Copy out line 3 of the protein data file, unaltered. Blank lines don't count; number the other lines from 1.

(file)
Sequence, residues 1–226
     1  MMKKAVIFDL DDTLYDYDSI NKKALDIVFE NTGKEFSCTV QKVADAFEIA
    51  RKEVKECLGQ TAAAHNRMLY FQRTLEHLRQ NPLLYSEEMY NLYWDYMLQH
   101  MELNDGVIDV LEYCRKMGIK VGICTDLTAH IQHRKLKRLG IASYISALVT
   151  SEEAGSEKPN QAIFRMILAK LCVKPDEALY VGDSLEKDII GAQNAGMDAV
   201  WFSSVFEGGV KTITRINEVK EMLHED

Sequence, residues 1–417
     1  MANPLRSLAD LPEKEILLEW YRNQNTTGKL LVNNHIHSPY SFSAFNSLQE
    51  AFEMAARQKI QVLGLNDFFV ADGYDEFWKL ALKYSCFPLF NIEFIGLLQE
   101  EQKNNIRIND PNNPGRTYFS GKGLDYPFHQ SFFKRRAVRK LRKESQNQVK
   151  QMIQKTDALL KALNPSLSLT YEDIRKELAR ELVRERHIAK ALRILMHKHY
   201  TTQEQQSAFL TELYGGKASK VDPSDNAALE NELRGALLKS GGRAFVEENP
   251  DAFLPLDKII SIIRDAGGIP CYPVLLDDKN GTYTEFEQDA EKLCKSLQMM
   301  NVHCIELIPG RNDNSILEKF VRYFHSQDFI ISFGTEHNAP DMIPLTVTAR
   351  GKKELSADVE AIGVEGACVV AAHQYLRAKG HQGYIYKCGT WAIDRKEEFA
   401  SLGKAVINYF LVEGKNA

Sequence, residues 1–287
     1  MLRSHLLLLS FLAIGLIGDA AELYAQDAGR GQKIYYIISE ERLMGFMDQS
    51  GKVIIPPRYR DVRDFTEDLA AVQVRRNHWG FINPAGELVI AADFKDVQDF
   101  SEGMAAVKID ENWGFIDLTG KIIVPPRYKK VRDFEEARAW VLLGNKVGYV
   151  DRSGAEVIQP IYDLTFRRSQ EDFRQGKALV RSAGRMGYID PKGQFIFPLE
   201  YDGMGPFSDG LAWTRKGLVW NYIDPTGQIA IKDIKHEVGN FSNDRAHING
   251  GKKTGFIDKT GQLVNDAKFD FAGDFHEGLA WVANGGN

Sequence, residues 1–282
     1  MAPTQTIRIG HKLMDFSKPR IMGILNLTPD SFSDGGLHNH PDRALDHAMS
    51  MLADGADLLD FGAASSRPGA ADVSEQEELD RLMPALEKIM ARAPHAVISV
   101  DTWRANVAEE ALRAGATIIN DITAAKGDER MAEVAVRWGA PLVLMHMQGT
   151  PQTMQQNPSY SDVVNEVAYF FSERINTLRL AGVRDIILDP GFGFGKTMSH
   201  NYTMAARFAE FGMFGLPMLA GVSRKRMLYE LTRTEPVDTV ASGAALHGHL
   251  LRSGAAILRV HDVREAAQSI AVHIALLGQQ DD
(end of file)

    51  RKEVKECLGQ TAAAHNRMLY FQRTLEHLRQ NPLLYSEEMY NLYWDYMLQH